Iran is one of the most unfairly maligned countries in the whole world and is an absolute dream for the relatively few backpacker and travellers who do visit it. It is home to the most ridiculously-insanely, friendly, polite and hospitable people in the whole world, it boasts an embarrassment of ancient wonders and offers an entire spectrum of stunning landscapes.
Oh, and the food is not half bad either! Whilst Iranian food is unlikely to ever rival Italian, Thai or Indian as being the world’s favorite, it does hold its own and will have you licking your lips and asking for second helpings for the duration of your stay.
Let’s take a look at Iranian Foods that you must try!
Let’s start with the standard classic. Whilst Iran probably didn’t invent the kebab, and certainly doesn’t do the best ones in the world, it is just too ubiquitous not to include on this list.
At some point during your stay in Iran, you will probably to forced to eat a Kebab at some point.
Even I was and I’m usually a vegetarian (more on that as we go) but one night in Tehran, after a 10 minute struggle with an insurmountable language barrier, i relented and knoded;
“Yes I’ll have the Kebab…”.
Starting a little meat eat binge which lasted pretty much the whole trip.
Iranian kebabs are basically slabs of meat, usually lamb or chicken, served roasted, un-garnished on a bed of plain rice. Add butter, lemon and saffron to inject some extra flavour.
Note that ground meat seasoned with onion, salt and pepper is known as koobideh. Thinly sliced lamb or beef is kebab-e-barg and chicken kebab is referred to as joojeh. If thats all too complex then simply keban followed by your best impression of your prefered animal.
They are however filling and usually pretty cheap making them great value.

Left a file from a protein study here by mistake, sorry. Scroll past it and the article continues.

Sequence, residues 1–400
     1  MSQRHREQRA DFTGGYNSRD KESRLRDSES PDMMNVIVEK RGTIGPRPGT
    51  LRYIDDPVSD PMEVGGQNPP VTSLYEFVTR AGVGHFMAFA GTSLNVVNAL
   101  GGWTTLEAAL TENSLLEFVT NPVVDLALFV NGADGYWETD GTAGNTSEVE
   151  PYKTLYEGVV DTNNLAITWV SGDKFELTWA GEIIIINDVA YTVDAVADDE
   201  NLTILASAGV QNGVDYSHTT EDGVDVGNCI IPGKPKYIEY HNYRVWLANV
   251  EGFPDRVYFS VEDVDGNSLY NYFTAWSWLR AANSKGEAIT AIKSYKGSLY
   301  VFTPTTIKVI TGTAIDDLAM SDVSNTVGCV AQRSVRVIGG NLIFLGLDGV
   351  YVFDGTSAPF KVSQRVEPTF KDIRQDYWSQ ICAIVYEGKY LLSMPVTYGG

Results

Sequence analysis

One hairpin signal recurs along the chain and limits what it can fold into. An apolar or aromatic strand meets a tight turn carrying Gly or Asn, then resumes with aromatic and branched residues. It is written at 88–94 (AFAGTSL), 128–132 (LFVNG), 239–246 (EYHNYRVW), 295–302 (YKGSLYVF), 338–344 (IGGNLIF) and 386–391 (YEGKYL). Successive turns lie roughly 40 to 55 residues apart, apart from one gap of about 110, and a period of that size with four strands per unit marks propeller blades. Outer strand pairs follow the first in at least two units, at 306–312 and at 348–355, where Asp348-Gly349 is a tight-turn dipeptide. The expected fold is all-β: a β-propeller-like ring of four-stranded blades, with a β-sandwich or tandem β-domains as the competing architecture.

Ash is very popular amongst backpackers to Iran because its cheap, simple and meat free. Basically it is spinach stew topped with sour cream or spices. You can also have it with noodles if you feel especially hungry.
As with most food in Iran, this often comes with loads of free bread. Mop up the juices and sauce to get your fill!
The trusty Falafel (pronounced Far-la-fel by morons) is a staple throughout the entire middle eastern world. From the mediterranean shores of Israel to the Arabian Gulf, falafel is the middle east’s favorite snack.
The Iranian Falafels are pretty unique. In many instances they are served in a torpedo shaped, subway type bread roll rather than a pita or flatbread. They also usually come with a complimentary salad box which you can fill with an array of delicious pickles.
Falafel in Iran is an absolute Godsend for 2 reasons, Firstly, they are easy to find, reliable vegetarian food and because of the salad bar, are amazing value.
Falafel is everywhere and it would be stupid of me to tell you exactly where to get it. However, the Falafel king on the edge of the stunning Yazd old town is a short walk from the Mosque so you would be rude not to drop by for lunch.
I lived of Falafel and plain rice for days when I first arrived in Iran until I finally caved in and had a kebab.
This was one of my favorites in Iran.
Koofteh Tabrizi is an Iranian classic dish. Basically they are just big juicy balls (which is what Koofteh or Kofte means) mixed with God knows herbs served in a sweet tomato sauce. I initially ordered these believing them to be vegetarian. They are definitely not vegetarian.
The one I had was served in a tiny cafe in Isfhan with delicious flavoured rice and endless offerings of bread.
As the name suggests, these originate from Tabriz in the North but can be found across the nation.
The biryani is native to Isfahan and is apparently little known outside of the region. Initially i was half expecting something like the Indian biryani (a rice based dish) but any similarities in the name is pure coincidence.
The biryani is in fact, basically a beef kebab type baked cutlet served in flat-bread. It may sound very simple but is very tasty.